Ana stopped mid-stride and was trying to decide if she could slip away without being noticed, when Joey turned around and saw her. Her face flushed dark red.

“I didn’t mean to interrupt,” Ana said. “I just saw you over here and…”

“I’m Vanessa,” the other lady said quickly. “Joey’s sister.”

Ana smiled and put out her hand. “I’m Ana.”

“You’re Ana,” Vanessa said, looking Ana up and down. “I’ve heard a lot about you.”

Ana gulped. From both the women’s expressions she knew she’d busted them talking about her. And it didn’t look as though it was anything good.

“I should get back,” Ana mumbled. “It was nice to meet you Vanessa.”


Ana couldn’t focus when she got back to her office. Why had Joey been talking about her? And what what had she been saying? Was Ana going to get fired… again?

By five o’clock she could take it no more. “What’s going on?” she demanded, standing in Joey’s door, hands on her hips.

Joey looked at her, surprised. “What are you talking about?”

“I’m not an idiot,” Ana said. “If I’m not working out here, just tell me. Don’t string it out any longer than it has to be.”

Joey looked genuinely puzzled. “You’re not happy here?” she said.

Now it was Ana’s turn to look surprised. “Of course I am. I thought that you weren’t happy with me.”

“What makes you think that?”

Ana sighed. “I don’t know. I feel like you’re avoiding me. And when I saw you today at lunch… just tell me if you’re going to fire me, OK?”

“You think I’m going to fire you?”

Ana blushed. “Yes. No… I don’t know.”

Joey threw her head back and laughed.

“I guess I’m a bit paranoid, huh?” said Ana, abashed.

“You don’t say? Ana, you are fabulous and you are spectacular at your job. I’m definitely not going to fire you.”

Ana smiled sheepishly. “Will you let this paranoid gal buy you a drink tonight in celebration of continued employment?”

Joey smiled sadly at Ana. “I don’t think I should.”

“Oh come on,” Ana pleaded. “Work can wait. Please. It’ll be fun.” She pouted and made her best puppy dog eyes. “I promise.”

Joey hesitated. “OK,” she said finally. “Give me two minutes.”

They went to a small wine bar and made light work of a bottle of Italian white before moving onto a Californian syrah then a New Zealand pinot. Ana felt deliciously blurry, the piece of cake she’d had for lunch doing little to soak up the booze.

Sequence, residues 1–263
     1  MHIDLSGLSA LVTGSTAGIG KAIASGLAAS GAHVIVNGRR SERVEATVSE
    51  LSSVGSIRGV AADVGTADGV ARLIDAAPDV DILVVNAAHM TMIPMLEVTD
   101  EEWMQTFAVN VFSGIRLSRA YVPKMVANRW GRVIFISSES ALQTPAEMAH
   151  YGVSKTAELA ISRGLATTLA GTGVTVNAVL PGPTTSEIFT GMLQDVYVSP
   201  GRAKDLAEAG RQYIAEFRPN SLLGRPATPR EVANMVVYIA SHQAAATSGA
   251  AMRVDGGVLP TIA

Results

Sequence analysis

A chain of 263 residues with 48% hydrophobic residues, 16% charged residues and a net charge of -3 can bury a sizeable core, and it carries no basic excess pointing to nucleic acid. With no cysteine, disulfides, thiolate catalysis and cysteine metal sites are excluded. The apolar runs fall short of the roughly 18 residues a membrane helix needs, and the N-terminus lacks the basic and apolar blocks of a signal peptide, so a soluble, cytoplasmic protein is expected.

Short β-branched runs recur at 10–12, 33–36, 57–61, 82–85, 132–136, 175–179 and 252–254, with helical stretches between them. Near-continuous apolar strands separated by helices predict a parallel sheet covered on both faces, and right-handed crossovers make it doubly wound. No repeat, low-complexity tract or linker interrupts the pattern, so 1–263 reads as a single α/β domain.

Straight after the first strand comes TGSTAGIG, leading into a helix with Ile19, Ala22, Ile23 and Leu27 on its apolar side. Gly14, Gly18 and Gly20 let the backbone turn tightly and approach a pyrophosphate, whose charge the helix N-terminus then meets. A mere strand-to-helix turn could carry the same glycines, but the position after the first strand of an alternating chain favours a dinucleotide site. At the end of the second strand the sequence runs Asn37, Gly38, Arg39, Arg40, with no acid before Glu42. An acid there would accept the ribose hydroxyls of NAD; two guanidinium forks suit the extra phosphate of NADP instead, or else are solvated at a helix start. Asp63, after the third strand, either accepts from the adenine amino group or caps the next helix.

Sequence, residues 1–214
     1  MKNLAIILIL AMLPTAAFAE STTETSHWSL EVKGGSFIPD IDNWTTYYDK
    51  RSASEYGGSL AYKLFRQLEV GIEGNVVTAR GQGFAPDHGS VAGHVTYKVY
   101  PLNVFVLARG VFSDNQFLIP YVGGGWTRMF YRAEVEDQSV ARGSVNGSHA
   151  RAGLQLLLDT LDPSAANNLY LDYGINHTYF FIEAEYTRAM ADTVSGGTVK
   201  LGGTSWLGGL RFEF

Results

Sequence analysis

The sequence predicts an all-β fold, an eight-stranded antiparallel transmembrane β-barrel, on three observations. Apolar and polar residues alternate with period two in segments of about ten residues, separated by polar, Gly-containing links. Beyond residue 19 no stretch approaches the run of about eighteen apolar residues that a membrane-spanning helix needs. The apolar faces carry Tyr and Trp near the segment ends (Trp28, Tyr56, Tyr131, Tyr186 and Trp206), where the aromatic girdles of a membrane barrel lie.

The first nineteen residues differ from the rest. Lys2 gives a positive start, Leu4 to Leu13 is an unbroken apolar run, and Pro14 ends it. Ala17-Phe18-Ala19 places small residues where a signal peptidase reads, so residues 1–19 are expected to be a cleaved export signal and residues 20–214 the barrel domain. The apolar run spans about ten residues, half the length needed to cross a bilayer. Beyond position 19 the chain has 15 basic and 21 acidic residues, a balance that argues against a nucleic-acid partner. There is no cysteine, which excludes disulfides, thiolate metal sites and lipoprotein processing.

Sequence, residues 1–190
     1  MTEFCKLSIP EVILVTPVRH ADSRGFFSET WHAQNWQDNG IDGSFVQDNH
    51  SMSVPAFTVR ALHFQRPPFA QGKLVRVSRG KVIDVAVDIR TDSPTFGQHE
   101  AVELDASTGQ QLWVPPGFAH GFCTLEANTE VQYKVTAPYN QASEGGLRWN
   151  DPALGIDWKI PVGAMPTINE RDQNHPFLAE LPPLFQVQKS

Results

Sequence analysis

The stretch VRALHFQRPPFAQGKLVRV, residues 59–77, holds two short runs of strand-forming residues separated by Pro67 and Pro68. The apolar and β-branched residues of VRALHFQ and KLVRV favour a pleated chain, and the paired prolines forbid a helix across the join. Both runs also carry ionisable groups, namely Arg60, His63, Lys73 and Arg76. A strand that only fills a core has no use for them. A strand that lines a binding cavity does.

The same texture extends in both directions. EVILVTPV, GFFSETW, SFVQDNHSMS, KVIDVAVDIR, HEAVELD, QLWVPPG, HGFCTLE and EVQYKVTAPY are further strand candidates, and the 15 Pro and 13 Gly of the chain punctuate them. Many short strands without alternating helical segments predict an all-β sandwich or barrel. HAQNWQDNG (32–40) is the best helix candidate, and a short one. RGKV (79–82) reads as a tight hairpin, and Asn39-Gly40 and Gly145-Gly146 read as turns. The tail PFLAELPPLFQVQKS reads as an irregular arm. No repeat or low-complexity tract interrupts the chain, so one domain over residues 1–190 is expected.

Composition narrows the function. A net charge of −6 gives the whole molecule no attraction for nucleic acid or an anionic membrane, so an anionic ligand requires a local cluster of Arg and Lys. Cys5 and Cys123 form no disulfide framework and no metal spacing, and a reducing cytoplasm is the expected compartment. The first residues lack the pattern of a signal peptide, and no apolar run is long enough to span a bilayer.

“I have a confession to make,” Joey said suddenly, smiling lightly. Her voice was slightly slurred. “It’s what I was talking to my sister about.”

“Out with it then,” Ana prompted, when Joey didn’t say anything further.

“I like you Ana.”

Ana laughed. “How is that a confession? I like you too.” She picked up her glass and took another sip of the pinot.

“I don’t think you understand,” Joey said. The smile was gone and her face was serious. “I like you, Ana. I can’t stop thinking about you.” Joey took the glass from Ana’s hand and put it on the table. She leaned forward slowly, her eyes locked on Ana’s.

Ana could feel her pulse start to pick up. She licked her lips self-consciously.

Joey hesitated, her face inches from Ana’s. In her eyes, a question.

Ana gulped.

Joey pressed her lips to Ana’s, softly at first, their pressure intensifying when Ana didn’t immediately pull away.

Ana felt stars where her brain should have been. Neurons popped and fizzled like sherbet. Everything in the world stopped for a few seconds. But then…

“No. Wait.” Ana pulled away, her hand flying to her lips. They were swollen and wet. “You didn’t tell me… I didn’t know.”

Joey nodded. “I’m sorry. I didn’t want to freak you out.” She laughed sardonically. “Guess it’s a bit late for that now.” She opened her handbag, taking out some money and putting it on the table. “For the wine.” She picked up her coat, slinging it over her arm. “I should go.”

“Joey, no, you don’t have to go. It’s just… I’m not…”

“You don’t have to say it,” Joey said quickly. “I know.” She smiled sadly at Ana, a small sigh escaping her lips. “See you later.”

Ana took her arm. “Joey, wait…”

Joey paused and looked at the hand on her arm. “Don’t make it worse,” she said softly, gently lifting Ana’s fingers off. “Goodnight.”


Season 8, Episode 4

November 20, 2012

It was still dark when the overwhelming nausea woke Mia up. She’d remembered reading somewhere that morning sickness wasn’t meant to last for too long, but she figured the person who wrote that we either a man or had never been pregnant. Either way, it was complete and utter bullshit. She felt as though she couldn’t even remember a time when she didn’t  have to leap out of bed early in the morning to empty the contents of her stomach into the toilet bowl – quietly, so that no one else in the house knew what she was doing.